In writing his definitive and monumental new work on Benedict XVI, biographer Peter Seewald discovered “countless” new elements to the pope emeritus’ life and character, including that his role in the Second Vatican Council was “not marginal but enormously significant.”
In this May 21 email interview with the Register, Seewald explains how the book, Benedict XVI: The Biography — running 1,184 pages in the German version — juxtaposes Joseph Ratzinger’s life and teaching with the dramatic and stirring events of the 20th century.
He also explains the genesis of the book, as well as Benedict’s relationship with Francis, the advice Benedict offers for dealing with the crisis of faith in the Church and the world today, and why Benedict decided to write a spiritual testament to be published after his death. Seewald also provides an update on how Benedict is faring during this time of pandemic.
The English edition of the first volume of Benedict XVI: The Biography will be published in November by Bloomsbury Continuum.
Why did you decide to write this book? How did it come about?
I sort of saw it as my job. Admittedly, there is now a wealth of books about Benedict XVI, such as the meritorious work of the Italian theologian Elio Guerriero. But there was none that showed Ratzinger’s biography and his teaching in connection with historical events, and that, above all, tries to tell the life, work and person of the German Pope in such an exciting way, as it corresponds to this life, in all its drama and its importance for the history of the Church and the world. To this end, I carried out extensive research, analyzed archives and conducted conversations with about 100 contemporary witnesses. Last but not least, Pope Benedict made himself available to me for this project in countless meetings. It is not only about the past, but also about the future. Cardinal Gerhard Müller, the former prefect of the Congregation for the Doctrine of the Faith, therefore called my book a “brilliant pitch,” which connects the path of a scholar with the core question of what is important in the Church of today.
The book contains many new interviews with the Pope Emeritus. When did these take place?
I began them during the year 2012, when Pope Benedict was still in office. We continued the interviews until 2018, most recently in his small monastery in the Vatican Gardens.
You’ve known Benedict for many years, but when you wrote this book and from the interviews you had with the pope emeritus, what did you learn about him that you did not know before?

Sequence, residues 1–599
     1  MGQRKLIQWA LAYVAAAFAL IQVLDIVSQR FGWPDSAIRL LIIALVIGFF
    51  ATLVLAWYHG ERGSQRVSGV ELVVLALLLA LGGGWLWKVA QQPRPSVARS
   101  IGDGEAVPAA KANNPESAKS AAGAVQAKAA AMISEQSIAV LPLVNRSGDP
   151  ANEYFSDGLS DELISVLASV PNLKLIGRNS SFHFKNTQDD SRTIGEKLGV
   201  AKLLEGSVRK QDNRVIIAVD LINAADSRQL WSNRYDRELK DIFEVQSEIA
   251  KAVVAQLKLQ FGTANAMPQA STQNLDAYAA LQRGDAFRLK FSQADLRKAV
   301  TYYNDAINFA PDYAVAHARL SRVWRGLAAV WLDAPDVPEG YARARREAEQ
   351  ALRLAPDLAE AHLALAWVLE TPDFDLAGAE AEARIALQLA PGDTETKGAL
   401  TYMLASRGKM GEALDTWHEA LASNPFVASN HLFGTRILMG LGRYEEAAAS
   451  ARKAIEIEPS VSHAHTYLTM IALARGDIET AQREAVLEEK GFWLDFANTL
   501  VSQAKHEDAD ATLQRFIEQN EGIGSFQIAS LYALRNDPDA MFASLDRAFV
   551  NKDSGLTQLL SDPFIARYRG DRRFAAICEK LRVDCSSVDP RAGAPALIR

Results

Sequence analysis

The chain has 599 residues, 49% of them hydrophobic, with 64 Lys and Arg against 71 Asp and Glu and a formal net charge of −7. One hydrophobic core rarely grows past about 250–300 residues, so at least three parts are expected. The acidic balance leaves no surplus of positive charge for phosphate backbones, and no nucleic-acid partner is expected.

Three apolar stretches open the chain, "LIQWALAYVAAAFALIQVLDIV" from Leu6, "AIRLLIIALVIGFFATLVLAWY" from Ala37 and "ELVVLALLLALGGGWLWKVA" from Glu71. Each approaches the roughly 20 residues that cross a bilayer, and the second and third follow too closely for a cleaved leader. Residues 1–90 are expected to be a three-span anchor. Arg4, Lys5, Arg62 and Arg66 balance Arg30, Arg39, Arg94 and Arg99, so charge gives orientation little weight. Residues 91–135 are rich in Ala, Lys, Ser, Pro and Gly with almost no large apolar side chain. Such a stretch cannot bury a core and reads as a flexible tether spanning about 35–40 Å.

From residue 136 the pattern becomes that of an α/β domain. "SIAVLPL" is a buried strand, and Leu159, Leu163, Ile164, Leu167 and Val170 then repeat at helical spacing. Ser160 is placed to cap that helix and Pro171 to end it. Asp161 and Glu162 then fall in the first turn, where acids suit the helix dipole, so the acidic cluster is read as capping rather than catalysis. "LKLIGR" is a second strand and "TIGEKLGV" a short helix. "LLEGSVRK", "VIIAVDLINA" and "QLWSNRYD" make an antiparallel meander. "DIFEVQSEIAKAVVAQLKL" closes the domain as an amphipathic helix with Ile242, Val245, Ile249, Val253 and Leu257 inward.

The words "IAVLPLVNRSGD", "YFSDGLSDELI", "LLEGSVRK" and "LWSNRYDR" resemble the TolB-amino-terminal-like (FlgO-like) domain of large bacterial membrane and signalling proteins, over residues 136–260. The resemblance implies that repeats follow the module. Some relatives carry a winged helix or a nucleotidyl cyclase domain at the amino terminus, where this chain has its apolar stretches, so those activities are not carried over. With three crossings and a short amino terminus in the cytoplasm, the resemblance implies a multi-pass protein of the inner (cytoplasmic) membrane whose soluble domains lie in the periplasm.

Oh, countless things. The life of Joseph Ratzinger is the biography of a century.
One had always thought that the rise of the former professor of theology was one smooth progression, a career without any breaks. But there are countless ups and downs, with dramas that led to the brink of failure. There were the experiences during the Nazi era, when it was said that after the “Final Victory” [of the Nazis], Catholic priests would either be banned or end up in concentration camps. As a student, he had fallen in love with a girl — a story that made his decision to enter priestly life an existential one. A critical essay almost cost him an appointment to a faculty chair at the end of the 1950s. In Bonn, on the other hand, he was feted as a new star of theology and, at the same time, considered to perhaps be a dangerous modernist or even a Freemason.
His proximity to uncomfortable, independent-thinking personalities is striking. I was also unaware that Ratzinger’s role in the [Second Vatican] Council is not marginal but enormously significant. He himself always played it down. But alongside Cardinal [Josef] Frings, he was basically the definitive Vatican spin doctor. Pure legend, however, is the story of his “trauma” during the student revolt in Tübingen [in 1968], or the story of his turn from revolutionary to reactionary brakeman. I have examined all these things thoroughly, including the so-called scandals, such as the [former Society of St. Pius X bishop Richard] Williamson affair or “Vatileaks,” and come to quite different conclusions than those [voices] who merely reiterate stereotypes.
Ratzinger is not without fault. Nor did he get everything right when he was pontiff. But it is not by accident that he is considered worldwide as one of the great thinkers of our time. His work is important, and his life exciting, so it is always worthwhile to study him. In addition, the biography, with its contemporary historical background, is not only a spiritual and historical journey through an exciting and dramatic century; it also shows the lessons to be drawn from all those decades and the cutting-edge answers these provide to the current faith and Church crisis in the West.